Forging partnerships during my trip to Boston

 

Ken Olivola and Ann Keehn at the conference.
Ken Olivola, Ann Keehn, and our interpreter, Julia, at  meeting.

I have had a wonderfully productive visit to Boston, including a side trip to Haiti where I learned more about how JSI puts together proposals to USAID. I was impressed by the teamwork led by Chuanpit Chua-Oon (Associate Director of the JSI Boston International Division) and by the way the team combined technical skills with creative approaches through brainstorming to meet the requirements of the RFP. It was a fascinating opportunity to learn about the Haitian health system needs and challenges, which are often so different from those we face in Russia but at the same time quite familiar, with issues of access, demand, and quality, for example.

Ken, Julia, Ann, Dr. Natalia Brynza (Director of Tuymen region health department), myself (standing), and Mrs. Natalia Shevchik, Deputy Governor
Ken, Julia, Ann, Dr. Natalia Brynza (Director of Tuymen region health department), myself (standing), and Mrs. Natalia Shevchik, Deputy Governor

The rest of the time I was here in Boston, which felt comfortably like home, but a bit more human-scaled and less crowded and polluted than Moscow, while also more stormy and windy!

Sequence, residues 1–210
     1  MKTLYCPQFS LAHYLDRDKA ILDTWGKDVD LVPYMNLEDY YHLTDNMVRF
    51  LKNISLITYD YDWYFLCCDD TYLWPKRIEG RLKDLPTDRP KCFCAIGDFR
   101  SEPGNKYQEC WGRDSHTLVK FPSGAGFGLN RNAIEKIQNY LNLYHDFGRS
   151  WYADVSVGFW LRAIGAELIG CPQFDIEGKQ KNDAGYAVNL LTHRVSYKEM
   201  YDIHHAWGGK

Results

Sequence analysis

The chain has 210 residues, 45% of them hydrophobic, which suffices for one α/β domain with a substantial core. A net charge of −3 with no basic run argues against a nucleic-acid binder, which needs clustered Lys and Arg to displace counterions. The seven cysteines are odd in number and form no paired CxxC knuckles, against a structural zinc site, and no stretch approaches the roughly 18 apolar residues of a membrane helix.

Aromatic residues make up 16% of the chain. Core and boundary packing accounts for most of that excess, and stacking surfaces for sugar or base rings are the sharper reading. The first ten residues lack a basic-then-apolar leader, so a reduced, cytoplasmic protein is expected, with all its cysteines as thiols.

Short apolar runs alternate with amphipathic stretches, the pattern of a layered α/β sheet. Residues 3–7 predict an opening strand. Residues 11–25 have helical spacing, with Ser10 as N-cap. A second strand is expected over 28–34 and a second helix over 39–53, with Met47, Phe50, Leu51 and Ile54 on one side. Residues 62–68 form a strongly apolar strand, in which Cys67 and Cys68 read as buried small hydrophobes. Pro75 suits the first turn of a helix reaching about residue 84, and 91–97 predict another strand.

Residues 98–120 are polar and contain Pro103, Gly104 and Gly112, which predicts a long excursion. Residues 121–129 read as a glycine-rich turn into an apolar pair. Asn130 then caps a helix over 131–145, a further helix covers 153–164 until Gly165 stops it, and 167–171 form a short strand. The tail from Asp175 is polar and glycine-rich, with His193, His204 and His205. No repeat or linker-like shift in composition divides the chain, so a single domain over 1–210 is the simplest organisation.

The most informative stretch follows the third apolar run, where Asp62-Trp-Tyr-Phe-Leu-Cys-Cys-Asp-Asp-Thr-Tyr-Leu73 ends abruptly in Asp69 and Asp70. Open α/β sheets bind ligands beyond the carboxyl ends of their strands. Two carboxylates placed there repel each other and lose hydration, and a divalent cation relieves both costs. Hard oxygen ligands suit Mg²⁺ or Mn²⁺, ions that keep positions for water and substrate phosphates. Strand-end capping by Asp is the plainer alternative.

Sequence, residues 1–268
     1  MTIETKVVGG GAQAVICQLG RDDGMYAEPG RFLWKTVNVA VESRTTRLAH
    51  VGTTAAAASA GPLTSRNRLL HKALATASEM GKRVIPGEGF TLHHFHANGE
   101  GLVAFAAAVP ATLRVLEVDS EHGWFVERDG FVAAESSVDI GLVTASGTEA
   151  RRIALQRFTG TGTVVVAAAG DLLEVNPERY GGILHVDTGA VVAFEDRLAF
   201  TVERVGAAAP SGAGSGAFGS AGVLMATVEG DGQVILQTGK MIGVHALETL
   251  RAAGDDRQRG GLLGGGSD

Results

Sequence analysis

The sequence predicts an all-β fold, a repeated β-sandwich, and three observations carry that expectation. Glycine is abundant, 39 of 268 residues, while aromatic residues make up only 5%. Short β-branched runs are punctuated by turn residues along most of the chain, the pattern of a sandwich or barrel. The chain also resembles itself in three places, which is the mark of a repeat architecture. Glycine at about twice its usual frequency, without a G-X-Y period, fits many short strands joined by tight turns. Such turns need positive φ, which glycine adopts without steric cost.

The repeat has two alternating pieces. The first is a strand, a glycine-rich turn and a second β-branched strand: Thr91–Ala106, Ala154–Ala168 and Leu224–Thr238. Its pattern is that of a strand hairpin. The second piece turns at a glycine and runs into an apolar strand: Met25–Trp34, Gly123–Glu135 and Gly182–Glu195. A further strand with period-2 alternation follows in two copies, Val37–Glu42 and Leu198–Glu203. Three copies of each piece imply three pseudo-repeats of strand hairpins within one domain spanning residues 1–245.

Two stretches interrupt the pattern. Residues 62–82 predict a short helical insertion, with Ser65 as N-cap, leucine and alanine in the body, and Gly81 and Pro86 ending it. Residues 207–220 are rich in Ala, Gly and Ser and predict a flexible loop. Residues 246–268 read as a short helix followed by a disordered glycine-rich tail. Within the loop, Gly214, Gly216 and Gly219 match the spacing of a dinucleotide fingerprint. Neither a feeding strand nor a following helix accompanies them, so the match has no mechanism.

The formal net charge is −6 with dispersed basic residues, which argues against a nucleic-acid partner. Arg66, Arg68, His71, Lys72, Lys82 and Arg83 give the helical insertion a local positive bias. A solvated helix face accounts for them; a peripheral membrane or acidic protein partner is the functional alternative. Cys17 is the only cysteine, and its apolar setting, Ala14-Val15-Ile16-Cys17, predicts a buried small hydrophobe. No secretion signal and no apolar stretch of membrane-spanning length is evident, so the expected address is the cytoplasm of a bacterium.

It was particularly interesting to learn about the activities of JSI’s domestic division. So many of the topics are also very important and relevant in Russia. For example, tobacco use is a huge issue for us. The government puts a lot of effort into stopping tobacco use. In Russia, 60 percent of men and 30 percent of women smoke. The government has just issued new rules banning smoking indoors, and banning cigarette marketing. Now the main issue is how to enforce the rules and develop services to help people quit. JSI has done pioneering work in tobacco cessation and I picked up a number of ideas here that we can apply in our work in Russia.

Meanwhile, I’ve made some contacts that will be of use for future collaboration. We have a preliminary agreement with the Dartmouth Institute for Health Policy and Clinical Practice to create a training course for the IHF staff – training to help my staff coach hospital staff on quality improvement. We are also making plans to have JSI people come back to Russia in the fall to train staff and work to further disseminate their ideas on health system strengthening and quality improvement.

Overall, it has been a highly productive eight weeks in Boston. I am grateful to Joel Lamstein (President of JSI), Ken Olivola (Director, JSI Boston International Group), Ann Keehn (Director of Operations, JSI Health Services Divison) and the rest of the JSI staff in Boston for helping IHF continue the important work initiated in Russia about 15 years ago.

Leave a Reply

Your email address will not be published. Required fields are marked *

This site uses Akismet to reduce spam. Learn how your comment data is processed.